As they age, adults can look forward to one less thing to worry about—anxiety.
A UVA study determined that older adults are less anxious in challenging social situations than younger adults. However, the difference vanished when there was fear of a threat to physical health.
The research focused on trying to understand how aging influences emotional reactions and the ability of older people to regulate their emotions.
“This has important implications for understanding how people function in their everyday lives, and also for the prevention and treatment of emotional disorders such as anxiety and mood problems,” says Bethany Teachman, a psychology professor at UVA who led the study. Researchers measured stress levels when participants were asked to give a public speech; the older adults showed less anxiety.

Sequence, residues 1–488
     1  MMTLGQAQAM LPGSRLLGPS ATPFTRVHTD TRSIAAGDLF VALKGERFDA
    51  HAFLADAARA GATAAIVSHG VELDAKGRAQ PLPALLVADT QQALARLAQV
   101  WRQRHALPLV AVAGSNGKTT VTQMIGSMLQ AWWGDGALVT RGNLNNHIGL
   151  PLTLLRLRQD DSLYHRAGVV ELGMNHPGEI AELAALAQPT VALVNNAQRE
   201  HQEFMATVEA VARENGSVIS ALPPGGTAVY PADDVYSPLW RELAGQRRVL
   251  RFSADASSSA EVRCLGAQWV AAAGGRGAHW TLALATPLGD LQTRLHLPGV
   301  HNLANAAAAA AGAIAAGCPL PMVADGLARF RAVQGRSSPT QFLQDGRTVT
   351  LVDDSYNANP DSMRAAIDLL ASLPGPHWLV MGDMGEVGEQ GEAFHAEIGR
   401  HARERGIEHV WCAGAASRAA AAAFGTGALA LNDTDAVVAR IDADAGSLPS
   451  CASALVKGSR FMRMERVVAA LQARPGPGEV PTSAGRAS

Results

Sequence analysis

When there was a physical stressor—breathing through a thin straw or having to blow out an imaginary candle repeatedly and rapidly—young and old alike experienced mild physical sensations, such as dizziness and sweating.
While some anxiety is essential as a survival tool, excessive reactions in nonthreatening situations can be debilitating.
“If we can better understand what triggers emotional distress as people age,” Teachman says, “we can develop better interventions and treatments.”